Reply To: 3.1 – Progression Ah-ha’s and Wonders
In my experience working with different levels, the one I will focus on will be first grade, so the Early numbers and counting progression and the addition and subtraction progression are the areas I should go over and start working with students. I like to remember the content they were able to learn in kindergarten and connect it to the new knowledge. Applying new strategies for addition and subtraction shows me that students have different ways of solving and connecting content. There are students who need to draw pictures to find results, others use their fingers and others simply do a mental process. But if everyone likes to work with concrete material; grouping, putting or removing different objects, helps them to be able to visualize a result through the manipulation of different objects stimulates them to create a conceptual understanding of what is addition and subtraction.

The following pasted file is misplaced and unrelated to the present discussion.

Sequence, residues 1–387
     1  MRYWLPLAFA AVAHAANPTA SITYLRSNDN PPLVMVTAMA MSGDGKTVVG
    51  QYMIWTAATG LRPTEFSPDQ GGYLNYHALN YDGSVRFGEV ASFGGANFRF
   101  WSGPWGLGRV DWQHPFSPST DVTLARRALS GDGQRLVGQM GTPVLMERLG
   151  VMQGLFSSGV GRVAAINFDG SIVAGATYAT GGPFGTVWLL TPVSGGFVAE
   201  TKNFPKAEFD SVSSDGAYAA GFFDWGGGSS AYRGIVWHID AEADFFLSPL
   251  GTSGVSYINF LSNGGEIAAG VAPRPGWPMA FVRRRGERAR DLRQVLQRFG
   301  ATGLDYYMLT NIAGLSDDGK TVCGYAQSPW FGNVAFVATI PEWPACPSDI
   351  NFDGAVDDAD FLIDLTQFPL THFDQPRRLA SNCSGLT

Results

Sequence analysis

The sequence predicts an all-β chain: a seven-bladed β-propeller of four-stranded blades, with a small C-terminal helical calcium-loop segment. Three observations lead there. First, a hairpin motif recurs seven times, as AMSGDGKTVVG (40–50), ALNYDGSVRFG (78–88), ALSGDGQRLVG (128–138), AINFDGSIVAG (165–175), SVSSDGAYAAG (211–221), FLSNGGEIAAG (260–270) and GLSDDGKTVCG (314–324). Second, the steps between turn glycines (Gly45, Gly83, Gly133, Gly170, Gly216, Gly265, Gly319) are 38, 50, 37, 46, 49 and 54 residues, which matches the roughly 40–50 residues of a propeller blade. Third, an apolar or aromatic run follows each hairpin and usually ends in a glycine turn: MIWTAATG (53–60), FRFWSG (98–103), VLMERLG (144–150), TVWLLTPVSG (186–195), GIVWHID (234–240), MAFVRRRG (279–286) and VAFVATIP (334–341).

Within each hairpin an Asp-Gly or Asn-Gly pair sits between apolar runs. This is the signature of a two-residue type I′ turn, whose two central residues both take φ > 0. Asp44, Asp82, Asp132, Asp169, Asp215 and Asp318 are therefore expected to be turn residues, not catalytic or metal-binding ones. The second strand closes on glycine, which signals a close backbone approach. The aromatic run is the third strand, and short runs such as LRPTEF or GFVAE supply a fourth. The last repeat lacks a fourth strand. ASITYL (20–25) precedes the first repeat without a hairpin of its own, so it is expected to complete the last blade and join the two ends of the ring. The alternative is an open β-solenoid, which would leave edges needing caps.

By grouping different objects, students may be able to figure out that one number plus another equals another number plus another number. Sometimes children tend to think that, for example, 5 + 5 = 10, and that there is no other way to find the number 10. But when we show them another option, for example, 6 + 4 =10; they begin to understand that if we put different numbers together we can find the same results.
Now, when we start to use numbers greater than 10, we have the challenge that some students find it difficult to understand how to operate with them, so the decomposition of numbers is a strategy that allows them to simplify the largest number and be able to develop the exercises. more easily.